Wednesday, March 21, 2007

Yin-Yang Young: Neil's Amazing Archive Shows


Neil Young
Live at Massey Hall 1971
(Reprise/WEA)

If you’re walking down the street and see someone pinching himself, there’s an above-average chance he or she is a Neil Young fan. That’s because the maverick Canadian has finally opened his legendary Archives. And the first two releases — one electric, the other acoustic — perfectly illustrate the yin and yang of Young. And prove that no one gets yinnier or yangier.

Live at the Fillmore East, a blazing 1970 set with Crazy Horse, was released in November. Now comes a solo acoustic show from a year later, Live at Massey Hall 1971. For most artists, the format of just a man, his Martin and a baby grand would make them more mellow. But in Neil’s case, the intimacy just makes him more intense.

Massey Hall was recorded in Toronto at a time when his commercial popularity actually matched his monumental talent. These were the glory days of the singer-songwriter: Dylan of course, plus Joni, JT, Paul Simon, Cat Stevens, Leonard Cohen, John Denver. After the Gold Rush was high on the charts and the tunes that would become Harvest — “A Man Needs A Maid,” “Old Man,” “Heart of Gold,” “There’s a World,” “The Needle and the Damage Done,” — were pouring out of him faster than he could record them.

In fact, that’s why the Massey Hall show was taped – to get the songs down. But while on tour in Nashville, Neil hooked up with some studio cats (some of whom also played on Dylan’s Blonde on Blonde, John Wesley Harding and Nashville Skyline) and quickly recorded the classic studio album.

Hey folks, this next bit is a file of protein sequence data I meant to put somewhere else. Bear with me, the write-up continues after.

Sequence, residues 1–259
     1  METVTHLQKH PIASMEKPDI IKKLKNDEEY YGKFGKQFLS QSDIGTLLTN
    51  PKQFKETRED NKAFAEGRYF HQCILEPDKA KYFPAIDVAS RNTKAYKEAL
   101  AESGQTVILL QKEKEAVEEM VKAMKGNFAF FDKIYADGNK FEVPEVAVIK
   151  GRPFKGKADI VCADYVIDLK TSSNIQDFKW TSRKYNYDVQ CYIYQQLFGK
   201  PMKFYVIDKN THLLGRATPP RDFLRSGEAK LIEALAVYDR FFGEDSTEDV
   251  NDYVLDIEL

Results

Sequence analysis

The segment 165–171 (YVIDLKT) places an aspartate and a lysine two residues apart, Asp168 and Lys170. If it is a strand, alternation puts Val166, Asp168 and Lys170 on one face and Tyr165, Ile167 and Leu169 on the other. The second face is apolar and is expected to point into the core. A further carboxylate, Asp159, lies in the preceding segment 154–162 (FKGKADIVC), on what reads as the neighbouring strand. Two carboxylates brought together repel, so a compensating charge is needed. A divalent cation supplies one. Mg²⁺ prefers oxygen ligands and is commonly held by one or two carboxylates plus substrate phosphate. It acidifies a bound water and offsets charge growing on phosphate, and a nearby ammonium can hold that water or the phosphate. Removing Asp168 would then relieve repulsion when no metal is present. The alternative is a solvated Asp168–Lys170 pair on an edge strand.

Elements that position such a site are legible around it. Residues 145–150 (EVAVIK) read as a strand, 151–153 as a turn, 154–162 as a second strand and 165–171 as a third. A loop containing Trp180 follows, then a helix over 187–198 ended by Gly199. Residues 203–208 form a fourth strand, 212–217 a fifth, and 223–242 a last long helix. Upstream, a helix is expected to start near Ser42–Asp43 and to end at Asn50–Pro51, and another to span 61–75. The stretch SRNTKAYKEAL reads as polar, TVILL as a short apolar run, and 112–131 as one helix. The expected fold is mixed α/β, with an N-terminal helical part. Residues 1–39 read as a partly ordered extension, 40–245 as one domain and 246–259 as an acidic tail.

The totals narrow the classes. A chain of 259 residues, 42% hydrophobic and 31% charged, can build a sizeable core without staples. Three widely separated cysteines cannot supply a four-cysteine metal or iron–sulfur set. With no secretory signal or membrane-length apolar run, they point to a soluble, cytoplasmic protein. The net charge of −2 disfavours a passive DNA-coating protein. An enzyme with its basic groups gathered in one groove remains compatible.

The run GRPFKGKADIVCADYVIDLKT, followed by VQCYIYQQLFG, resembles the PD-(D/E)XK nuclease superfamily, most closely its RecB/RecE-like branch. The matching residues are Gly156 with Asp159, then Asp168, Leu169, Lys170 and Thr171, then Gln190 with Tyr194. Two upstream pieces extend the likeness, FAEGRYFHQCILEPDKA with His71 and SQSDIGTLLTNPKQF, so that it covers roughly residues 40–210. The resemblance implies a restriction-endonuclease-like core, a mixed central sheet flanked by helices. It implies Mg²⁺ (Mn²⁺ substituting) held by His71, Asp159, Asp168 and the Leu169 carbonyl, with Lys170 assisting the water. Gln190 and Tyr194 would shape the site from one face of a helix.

As one would expect from famously fastidious Neil Young, Massey Hall has pin-drop sound, some great bonuses, Grade-A material and off course, a jaw-dropping performance. His vocals on “Don’t Let it Bring You Down” echo through the hall like a hungry wolf’s howl across the Canadian tundra. It’s a gripping performance of one of his greatest songs. Equally magnificent is “Journey Through the Past” a piano song that ranks with his best but has never been on CD until now. (It was the title track for his 1973 film and appeared on the legendary live Time Fades Away. Both are out of print). Another highlight is the piano medley of “A Man Needs A Maid” into “Heart of Gold.” And he shows that “Cowgirl in the Sand” works just as well in a solo context as it does as an epic barnburner.

The deluxe edition of Massey Hall comes with a DVD of the video of most of the concert. It’s a small miracle that someone had the foresight to not only record this show, but film it as well. There’s also an early 70s interview with the real-life “Old Man,” the rancher and caretaker of Broken Arrow, Neil’s 1500-acre ranch in northern California. Turns out Neil’s a lot like he was.

Coming later this year is The Archives Vol.01, 8 CDs and 2 DVDs of unreleased studio and live tracks, photos, a 150-page book and more. And that just covers up to 1972. The trailer has some amazing footage: recording the Harvest version of “There’s a World” with a full orchestra. Doing background vocals on “Alabama” with Crosby and Stills. Re-tuning a fan’s guitar so he can play “Cinnamon Girl.” Pinch me.

No comments: